A Practical Guide to Governance

In these days of uncertainty and change, the governance of arts and culture organisations has risen in importance.

This Practical Guide offers a range of essential information, bespoke resources and downloadable templates that address some of the most frequently asked questions in relation to the effective governance of cultural organisations.

This guide is for general purposes and cannot cover the particular uncertainties and risks around the the Coronavirus emergency. However there are several articles on the Counterculture website which address this and which some trustees may find helpful.

Background

Since 2007 Clore Leadership has run a board development programme, working with boards and senior management of cultural organisations to improve understanding of the strategic and supportive leadership and the necessary challenge that an effective board provides. Based on this experience, this guide is intended to be a practical aid offering assistance on the more pertinent points of governance and questions that might arise.

Contents

Explore the contents of the online practical guidance by clicking on each section below.

Author Acknowledgements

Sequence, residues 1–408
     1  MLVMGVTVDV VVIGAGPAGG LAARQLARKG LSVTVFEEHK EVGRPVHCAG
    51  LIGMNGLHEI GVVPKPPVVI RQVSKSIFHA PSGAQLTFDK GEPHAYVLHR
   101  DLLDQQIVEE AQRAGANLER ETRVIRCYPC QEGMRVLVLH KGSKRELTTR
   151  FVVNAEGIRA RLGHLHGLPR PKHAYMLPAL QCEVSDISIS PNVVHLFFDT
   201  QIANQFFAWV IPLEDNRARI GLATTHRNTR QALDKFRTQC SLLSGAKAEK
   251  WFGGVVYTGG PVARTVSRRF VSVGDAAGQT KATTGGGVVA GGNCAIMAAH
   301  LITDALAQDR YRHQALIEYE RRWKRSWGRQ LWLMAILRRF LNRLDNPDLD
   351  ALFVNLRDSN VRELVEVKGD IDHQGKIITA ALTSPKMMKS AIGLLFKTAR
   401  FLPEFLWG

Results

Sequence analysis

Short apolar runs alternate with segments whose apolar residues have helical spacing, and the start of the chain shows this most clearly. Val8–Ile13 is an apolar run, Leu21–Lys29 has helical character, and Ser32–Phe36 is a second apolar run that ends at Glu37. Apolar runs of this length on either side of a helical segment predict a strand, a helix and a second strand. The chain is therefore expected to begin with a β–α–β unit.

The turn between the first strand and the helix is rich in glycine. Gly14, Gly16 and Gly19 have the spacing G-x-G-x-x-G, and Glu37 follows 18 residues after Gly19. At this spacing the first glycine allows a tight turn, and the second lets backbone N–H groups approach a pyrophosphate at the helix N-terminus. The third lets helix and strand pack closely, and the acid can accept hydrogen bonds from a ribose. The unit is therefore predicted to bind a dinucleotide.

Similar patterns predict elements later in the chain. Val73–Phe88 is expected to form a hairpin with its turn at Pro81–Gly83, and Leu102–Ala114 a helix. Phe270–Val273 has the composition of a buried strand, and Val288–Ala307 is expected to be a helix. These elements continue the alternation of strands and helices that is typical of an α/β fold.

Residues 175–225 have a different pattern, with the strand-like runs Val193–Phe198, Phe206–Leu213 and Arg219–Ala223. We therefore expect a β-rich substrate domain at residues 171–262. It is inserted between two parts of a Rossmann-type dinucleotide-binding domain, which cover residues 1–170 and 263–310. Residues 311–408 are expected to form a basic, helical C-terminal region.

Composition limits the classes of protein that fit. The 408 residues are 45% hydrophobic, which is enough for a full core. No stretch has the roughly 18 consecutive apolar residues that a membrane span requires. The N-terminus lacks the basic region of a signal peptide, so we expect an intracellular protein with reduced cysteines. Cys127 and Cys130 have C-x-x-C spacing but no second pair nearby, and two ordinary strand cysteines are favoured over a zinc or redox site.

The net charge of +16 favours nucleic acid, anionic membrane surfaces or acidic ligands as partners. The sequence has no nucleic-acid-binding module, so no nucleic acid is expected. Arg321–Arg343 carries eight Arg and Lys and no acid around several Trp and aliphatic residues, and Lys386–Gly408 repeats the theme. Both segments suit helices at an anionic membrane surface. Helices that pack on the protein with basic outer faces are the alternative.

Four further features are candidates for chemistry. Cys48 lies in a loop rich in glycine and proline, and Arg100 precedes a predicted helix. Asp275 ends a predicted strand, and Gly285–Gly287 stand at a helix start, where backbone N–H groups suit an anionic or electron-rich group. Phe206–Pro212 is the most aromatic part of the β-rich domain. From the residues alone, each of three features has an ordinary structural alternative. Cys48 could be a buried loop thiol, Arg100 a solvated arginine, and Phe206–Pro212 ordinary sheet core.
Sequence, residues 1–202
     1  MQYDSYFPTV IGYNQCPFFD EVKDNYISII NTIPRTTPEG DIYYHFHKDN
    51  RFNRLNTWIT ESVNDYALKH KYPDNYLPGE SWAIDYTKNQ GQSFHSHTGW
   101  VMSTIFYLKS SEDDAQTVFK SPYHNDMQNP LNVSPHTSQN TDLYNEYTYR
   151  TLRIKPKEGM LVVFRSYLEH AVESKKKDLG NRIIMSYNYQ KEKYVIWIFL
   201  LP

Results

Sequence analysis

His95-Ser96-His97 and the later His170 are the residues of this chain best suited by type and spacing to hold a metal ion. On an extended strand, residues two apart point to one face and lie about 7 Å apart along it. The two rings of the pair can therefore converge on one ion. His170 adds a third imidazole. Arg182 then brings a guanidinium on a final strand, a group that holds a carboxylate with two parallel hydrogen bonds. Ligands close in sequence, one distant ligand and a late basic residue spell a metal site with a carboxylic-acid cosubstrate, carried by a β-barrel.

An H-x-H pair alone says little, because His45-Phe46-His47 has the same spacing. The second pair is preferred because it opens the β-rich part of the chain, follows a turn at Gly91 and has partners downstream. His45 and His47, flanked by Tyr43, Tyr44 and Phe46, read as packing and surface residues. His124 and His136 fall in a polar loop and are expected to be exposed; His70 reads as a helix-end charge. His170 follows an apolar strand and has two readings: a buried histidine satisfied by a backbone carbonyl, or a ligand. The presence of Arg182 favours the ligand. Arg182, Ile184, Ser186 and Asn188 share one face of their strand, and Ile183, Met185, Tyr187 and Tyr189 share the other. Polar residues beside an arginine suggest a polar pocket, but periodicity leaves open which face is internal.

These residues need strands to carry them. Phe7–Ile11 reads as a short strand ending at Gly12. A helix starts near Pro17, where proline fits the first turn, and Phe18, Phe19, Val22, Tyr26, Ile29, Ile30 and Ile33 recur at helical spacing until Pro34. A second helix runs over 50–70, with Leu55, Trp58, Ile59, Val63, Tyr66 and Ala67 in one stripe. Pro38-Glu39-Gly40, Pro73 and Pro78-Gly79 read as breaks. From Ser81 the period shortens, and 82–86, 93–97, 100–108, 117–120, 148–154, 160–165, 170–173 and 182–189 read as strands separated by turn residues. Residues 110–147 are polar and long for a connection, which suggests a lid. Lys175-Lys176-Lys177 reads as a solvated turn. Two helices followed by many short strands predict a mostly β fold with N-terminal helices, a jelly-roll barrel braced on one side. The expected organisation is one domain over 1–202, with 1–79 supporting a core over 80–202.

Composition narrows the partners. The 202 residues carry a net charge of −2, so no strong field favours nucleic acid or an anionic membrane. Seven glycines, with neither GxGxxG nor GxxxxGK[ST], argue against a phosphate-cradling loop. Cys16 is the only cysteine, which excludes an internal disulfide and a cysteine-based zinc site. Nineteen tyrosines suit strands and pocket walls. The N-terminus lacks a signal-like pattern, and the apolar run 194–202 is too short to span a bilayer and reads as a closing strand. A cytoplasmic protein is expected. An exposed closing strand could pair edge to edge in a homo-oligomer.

The Practical Guide is the online version of Governance in the arts and museums: a practical guide, compiled in May 2017 by Clore Governance Associates Prue Skene (who has led the Clore Leadership Programme’s board development programme from its inception), Keith Arrowsmith and Tom Wilcox, who between them provide a broad understanding of governance in the cultural sector through a multitude of perspectives.

Commissioned by Clore Leadership with support from Arts Council England.

Last updated: June 2020.

Prue Skene CBE

Prue Skene

Prue has worked in the arts all her life, running performing companies such as Ballet Rambert and the English Shakespeare Company, setting up a Fellowship programme to give grants to artists from all artforms as Director of the Arts Foundation, and working as a freelance consultant, now mainly supporting arts organisations with their governance.

Her non-executive appointments have included President of the Theatrical Management Association, a non-executive Director of Royal United Hospital NHS Trust and of Bath Theatre Royal and Rosie Kay Dance Company, and Chair of the Arvon Foundation, Rambert Dance Company, Free Word and the Stephen Spender Trust. From 1992-2000 she was a member of the Arts Council of England, chairing its Dance and then Lottery Panels; her experiences during that time are outlined in her book, Capital Gains: How the National Lottery transformed England’s Arts, published in October 2017.

Prue is a Governance Associate of Clore Leadership and has led its Board Development programme since 2007, delivering Board away-days and training days as well as governance sessions on the Clore Courses. She is currently Chair of Cardboard Citizens and trustee of the Nureyev Foundation. She was awarded a CBE in the 2000 Birthday Honours List for services to the arts, especially dance.

Tom Wilcox